Humans have been fascinated by sleep for millennia. After almost a century of scientific interrogation, significant progress has been made in understanding the neuronal regulation and functions of sleep. The application of new methods in neuroscience that enable the analysis of genetically defined neuronal circuits with unprecedented specificity and precision has been paramount in this endeavor. In this review, we first discuss electrophysiological and behavioral features of sleep/wake states and the principal neuronal populations involved in their regulation. Next, we describe the main modulatory drives of sleep and wakefulness, including homeostatic, circadian, and motivational processes. Finally, we describe a revised integrative model for sleep/wake regulation.
Bibliographical noteFunding Information:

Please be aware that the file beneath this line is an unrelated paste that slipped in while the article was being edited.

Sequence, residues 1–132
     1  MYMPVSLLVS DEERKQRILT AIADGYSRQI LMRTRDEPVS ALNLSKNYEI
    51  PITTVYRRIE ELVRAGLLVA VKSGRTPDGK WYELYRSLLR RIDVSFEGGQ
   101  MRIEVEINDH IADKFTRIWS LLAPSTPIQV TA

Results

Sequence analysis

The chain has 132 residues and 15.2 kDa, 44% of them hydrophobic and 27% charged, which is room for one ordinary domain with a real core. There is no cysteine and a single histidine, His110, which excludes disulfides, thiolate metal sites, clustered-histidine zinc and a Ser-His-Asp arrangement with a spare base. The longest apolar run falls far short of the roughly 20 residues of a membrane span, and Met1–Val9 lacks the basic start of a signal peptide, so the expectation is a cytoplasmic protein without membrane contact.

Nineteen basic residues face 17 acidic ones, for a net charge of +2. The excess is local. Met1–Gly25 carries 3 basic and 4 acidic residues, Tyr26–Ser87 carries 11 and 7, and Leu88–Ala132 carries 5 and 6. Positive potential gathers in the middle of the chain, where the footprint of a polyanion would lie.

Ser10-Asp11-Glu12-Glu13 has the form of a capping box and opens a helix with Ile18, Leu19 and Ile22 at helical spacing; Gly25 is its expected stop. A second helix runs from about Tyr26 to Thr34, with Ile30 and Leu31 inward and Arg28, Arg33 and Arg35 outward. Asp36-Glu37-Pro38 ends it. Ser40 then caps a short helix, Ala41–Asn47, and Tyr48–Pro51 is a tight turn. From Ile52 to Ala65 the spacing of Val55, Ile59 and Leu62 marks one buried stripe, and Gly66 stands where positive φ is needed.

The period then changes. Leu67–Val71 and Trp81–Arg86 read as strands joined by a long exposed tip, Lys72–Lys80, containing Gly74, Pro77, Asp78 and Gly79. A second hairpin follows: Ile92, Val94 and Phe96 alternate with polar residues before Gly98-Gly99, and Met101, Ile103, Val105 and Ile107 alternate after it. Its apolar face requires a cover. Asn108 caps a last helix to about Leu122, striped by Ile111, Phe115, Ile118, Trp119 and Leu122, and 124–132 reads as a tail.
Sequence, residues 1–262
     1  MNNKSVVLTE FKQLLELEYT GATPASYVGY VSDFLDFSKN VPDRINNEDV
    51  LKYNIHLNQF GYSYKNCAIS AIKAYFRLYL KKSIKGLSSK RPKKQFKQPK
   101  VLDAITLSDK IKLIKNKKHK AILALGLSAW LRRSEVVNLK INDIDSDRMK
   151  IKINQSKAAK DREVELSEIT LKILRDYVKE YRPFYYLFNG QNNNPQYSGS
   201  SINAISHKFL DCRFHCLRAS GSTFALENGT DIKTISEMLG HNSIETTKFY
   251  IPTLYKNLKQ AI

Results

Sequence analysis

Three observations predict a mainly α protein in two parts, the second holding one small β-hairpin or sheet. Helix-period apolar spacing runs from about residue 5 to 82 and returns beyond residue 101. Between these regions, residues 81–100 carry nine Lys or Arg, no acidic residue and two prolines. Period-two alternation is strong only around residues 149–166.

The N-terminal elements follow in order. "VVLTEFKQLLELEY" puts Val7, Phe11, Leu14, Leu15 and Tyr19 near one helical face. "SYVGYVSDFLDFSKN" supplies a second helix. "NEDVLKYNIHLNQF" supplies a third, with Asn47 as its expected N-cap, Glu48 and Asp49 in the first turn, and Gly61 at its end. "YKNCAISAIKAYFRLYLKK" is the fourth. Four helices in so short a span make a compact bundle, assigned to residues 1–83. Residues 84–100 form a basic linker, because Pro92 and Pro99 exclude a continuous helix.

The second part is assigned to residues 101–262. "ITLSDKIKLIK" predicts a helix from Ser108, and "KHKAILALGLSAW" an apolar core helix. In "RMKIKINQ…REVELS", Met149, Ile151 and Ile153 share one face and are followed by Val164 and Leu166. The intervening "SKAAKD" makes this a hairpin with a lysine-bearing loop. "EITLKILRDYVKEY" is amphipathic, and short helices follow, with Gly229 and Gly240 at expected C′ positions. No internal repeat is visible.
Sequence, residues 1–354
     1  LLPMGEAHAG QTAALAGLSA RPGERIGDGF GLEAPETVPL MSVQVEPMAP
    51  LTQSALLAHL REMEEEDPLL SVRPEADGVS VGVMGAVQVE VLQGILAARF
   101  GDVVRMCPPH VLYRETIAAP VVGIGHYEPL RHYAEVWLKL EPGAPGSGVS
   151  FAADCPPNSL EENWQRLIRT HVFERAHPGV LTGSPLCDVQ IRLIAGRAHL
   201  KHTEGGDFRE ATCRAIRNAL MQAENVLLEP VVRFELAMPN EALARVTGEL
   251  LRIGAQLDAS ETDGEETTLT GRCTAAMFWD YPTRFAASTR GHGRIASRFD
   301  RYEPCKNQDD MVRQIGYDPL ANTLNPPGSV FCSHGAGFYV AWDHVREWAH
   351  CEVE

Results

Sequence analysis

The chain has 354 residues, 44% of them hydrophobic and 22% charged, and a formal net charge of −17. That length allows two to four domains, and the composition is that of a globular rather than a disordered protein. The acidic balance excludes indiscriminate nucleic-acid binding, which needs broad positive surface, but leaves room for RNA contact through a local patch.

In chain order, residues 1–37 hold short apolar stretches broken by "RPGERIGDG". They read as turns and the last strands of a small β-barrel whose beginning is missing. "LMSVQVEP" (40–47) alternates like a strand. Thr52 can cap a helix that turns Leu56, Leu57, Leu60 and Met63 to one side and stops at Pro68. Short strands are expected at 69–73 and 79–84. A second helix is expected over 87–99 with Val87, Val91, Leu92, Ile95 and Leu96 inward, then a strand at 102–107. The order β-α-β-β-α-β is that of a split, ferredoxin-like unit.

We thank Jeremy C. Borniger, Suszie Tyree, and the referees for helpful comments on this manuscript. This work was supported by the Katharine McCormick Advanced postdoctoral fellowships (AE-R), the NIH grants: R01-MH087592, R01-MH102638, and R01-AG04767 (LdL), a Brain and Behavior Research Foundation (NARSAD) Grant (LdL), a Merck Grant (LdL) and a Johnson & Johnson Grant (LdL), Legacy Heritage Biomedical Program of the Israel Science Foundation (992/14, LA), Israel Science Foundation (690/15, LA) and the US Israel Binational Science Foundation (2011335, LA and LdL). The authors declare no conflict of interest.
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